Monday, 13 December 2010

Swingfire: Anti-tank Guided Missile

The British Army deployed a range of anti-tank guided weapons in 1979. The most numerous of which was the wire-guided Swingfire.

Swingfire earnt it's name from the capability of being able to launch up to 90 degrees from it's intended target. The missile would literally 'swing' into it's victim. In addition the weapon could be fired remotely from up to 100 metres from the missile platform, giving it immense tactical advantages in the use of cover and concealment.

The missile was large, heavy and expensive. It was found mounted on the FV438, a variant of the FV432 armoured personnel carrier, the CVR(T) family FV102 Striker and the FV712 Ferret Mark 5. The FV438 deployed two missile launchers that could be reloaded from within the vehicle. The Striker had five externally loaded launchers and the FV712 Ferret had one mounted on either side of the turret.

The FV712 Ferret was withdrawn from service at the end of 1978, to be replaced by FV102 Strikers. The Strikers then equpped Royal Horse Artillery (RHA) guided weapons batteries. Several FV712 still exist in private hands today, so would have been available again quite quickly in 1979. The smaller size and greater road worthiness of the vehicle may have made it more practical in the Winter of '79 than it's larger tracked brethren.

A variant of Swingfire called Beeswing could be mounted in Land Rovers and there was an  interesting sub-development called Golfswing which was a single missile launcher pulled by one man on a golfer's style trolley contraption. You can see enormous potential within Winter of '79 for this! Whilst it may seem a bit Heath Robinson and somewhat of a joke, it was designed to emulate the 'Suitcase Sagger' which had been seen to be effective against Israeli armour in the Seven Day War as recently as 1973. After which western military pundits advocated a network of man and motorcycle portable guided weapons as an answer to the tank armies of the Warsaw Pact. this would ultimately lead to the adoption of the MILAN wireguided anti-tank missile.

Swingfire had a range of 4,000 metres and would prove to be an excellent tank killer. Anecdotal evidence suggests that it was successful 75% of the time through malfunction due to poor handling, storage or even something as simple as the wire guiding it becoming caught or cut during the missile flight. It was also a complex weapon to learn to use, and so had a built in operator training facility within the sighting and operating unit. In wargames terms, I suggest treating any unit that's new to the weapon as Novices when firing with a corresponding reduction in hit probability.

In 1979 the Swingfire armed FV438s and Strikers were controlled by the Royal Artillery and operated in dedicated Guided Weapons batteries.

FV438 is not currently available in 20mm/1/76th scale. The sexier Striker is available from RH Models, (code BAFV19), Kingfisher Models (code MAC-114) and the FV712 Ferret Mk5 is unsurprisingly available from BW Models (Code Fv309).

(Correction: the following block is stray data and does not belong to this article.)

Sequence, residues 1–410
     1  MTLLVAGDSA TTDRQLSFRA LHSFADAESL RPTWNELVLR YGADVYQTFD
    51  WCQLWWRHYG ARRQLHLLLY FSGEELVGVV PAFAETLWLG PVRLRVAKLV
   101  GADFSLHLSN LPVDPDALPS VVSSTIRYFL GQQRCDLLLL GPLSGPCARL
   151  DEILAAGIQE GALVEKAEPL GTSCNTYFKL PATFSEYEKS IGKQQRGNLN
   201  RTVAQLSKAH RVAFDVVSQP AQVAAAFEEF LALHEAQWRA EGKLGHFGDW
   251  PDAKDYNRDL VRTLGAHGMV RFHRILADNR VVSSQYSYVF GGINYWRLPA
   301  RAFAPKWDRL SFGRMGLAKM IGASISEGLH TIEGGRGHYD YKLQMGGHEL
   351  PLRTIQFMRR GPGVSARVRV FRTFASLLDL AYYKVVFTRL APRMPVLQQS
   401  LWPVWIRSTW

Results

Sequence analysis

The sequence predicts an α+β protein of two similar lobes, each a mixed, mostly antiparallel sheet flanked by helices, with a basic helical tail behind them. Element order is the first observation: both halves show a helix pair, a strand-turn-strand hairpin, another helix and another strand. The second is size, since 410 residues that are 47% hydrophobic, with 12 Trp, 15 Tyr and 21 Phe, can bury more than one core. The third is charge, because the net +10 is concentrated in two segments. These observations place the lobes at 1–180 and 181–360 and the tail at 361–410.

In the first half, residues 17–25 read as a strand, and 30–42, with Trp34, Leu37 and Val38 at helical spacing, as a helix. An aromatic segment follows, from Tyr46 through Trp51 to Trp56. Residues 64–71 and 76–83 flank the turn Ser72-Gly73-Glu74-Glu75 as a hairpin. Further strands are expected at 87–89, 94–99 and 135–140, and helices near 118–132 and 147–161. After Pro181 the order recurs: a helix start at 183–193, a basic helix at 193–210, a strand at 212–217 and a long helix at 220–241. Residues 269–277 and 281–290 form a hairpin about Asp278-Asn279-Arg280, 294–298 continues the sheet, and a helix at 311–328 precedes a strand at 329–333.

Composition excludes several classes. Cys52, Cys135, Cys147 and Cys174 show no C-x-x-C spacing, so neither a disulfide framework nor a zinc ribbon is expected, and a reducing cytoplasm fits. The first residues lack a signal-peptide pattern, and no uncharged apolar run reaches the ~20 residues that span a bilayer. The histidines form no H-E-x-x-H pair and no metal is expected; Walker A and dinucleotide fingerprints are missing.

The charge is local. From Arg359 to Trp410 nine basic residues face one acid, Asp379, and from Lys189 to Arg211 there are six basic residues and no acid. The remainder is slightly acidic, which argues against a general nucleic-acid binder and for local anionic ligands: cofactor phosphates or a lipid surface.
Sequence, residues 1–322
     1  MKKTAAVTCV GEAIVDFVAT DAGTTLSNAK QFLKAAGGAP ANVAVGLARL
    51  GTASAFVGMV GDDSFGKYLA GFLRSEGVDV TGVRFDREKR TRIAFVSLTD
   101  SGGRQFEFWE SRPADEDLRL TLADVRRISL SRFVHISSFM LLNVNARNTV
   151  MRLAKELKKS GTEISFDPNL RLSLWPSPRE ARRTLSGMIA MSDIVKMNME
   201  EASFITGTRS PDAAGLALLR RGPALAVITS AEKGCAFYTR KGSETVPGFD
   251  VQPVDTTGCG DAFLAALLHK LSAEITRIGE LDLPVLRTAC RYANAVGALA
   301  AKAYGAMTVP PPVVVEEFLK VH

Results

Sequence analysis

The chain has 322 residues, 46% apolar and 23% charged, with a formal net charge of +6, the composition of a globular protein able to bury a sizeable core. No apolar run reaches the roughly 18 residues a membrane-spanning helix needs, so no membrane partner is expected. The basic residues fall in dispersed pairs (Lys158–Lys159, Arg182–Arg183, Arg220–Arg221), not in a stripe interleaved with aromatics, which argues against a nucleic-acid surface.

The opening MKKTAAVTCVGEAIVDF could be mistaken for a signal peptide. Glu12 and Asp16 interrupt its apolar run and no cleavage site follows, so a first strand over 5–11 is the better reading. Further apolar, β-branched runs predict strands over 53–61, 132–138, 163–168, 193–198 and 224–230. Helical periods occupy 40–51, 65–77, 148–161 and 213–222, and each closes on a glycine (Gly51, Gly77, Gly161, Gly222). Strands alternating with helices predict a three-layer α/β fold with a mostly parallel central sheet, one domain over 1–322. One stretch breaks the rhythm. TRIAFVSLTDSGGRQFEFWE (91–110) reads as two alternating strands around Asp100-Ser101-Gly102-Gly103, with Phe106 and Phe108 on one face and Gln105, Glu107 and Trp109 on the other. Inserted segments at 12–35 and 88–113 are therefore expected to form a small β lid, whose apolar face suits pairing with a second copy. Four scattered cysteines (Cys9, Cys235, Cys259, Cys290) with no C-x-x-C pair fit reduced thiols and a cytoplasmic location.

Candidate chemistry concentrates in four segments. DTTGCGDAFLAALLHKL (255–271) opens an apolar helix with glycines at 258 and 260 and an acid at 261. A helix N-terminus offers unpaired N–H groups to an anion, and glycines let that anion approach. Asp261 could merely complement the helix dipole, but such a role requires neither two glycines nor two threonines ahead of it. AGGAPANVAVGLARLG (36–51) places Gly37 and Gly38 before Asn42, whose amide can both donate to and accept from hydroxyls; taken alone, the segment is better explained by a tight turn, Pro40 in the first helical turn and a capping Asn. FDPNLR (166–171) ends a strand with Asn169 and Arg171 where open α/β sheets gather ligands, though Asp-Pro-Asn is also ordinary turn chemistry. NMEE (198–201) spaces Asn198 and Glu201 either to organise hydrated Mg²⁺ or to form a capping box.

Sunday, 12 December 2010

Defending the Crown: Operation Candid

In a week which has seen an assault on Prince Charles in the centre of London by student protesters, I thought it would interesting to highlight the plans to protect the Royal Family in the event of major national crisis or full-scale war.

 Operation CANDID, came into being in 1963, with the aim of protecting the Royal Family, but especially the H.M. the Queen in the event of war. The details of the plan changed through the decades but were essentially based on creating a Royal Duties Force centred around the Guards battalion based at Windsor Castle at the time of the emergency.

Scots Guards, No.2 Dress

 Windsor Castle would be the mobilisation point for the Royal Duties Force, a battalion of Guards, reinforced with a squadron of the Household Cavalry equipped with armoured cars to provide a reconnaissance unit together with a light aid detachment and a communications troop. In total the force consisted of about 1300 men, fully mobile and self-supporting for 7 days. It was well equipped with wheeled transport and included “6 Queen’s baggage vehicles”.

It was given 4 tasks –

    * Guard for Her Majesty the Queen
    * Guard for KP17 (key point 17 – a secret location, possibly Buckingham Palace or Windsor Castle)
    * Reserve
    * Guard for other members of the Royal Family

The Force was capable of dividing into 4 independent units and “should be…prepared to move to different locations to provide guards and establish communications with the nearest RSG”, (Regional Seat of Government), “It would be in radio communication with CHQ, the HQ of the district it is moving through and other groups in the force”. The Queen and Royal Family would be escorted to pre-determined place or places of safety and then provided with static protection. In the event of a nuclear exchange, it's possible that the underground facilities at Corsham would be the main location. However, in our civil unrest / civil war scenario, one or more country houses in the Midlands or Scotland may come into use.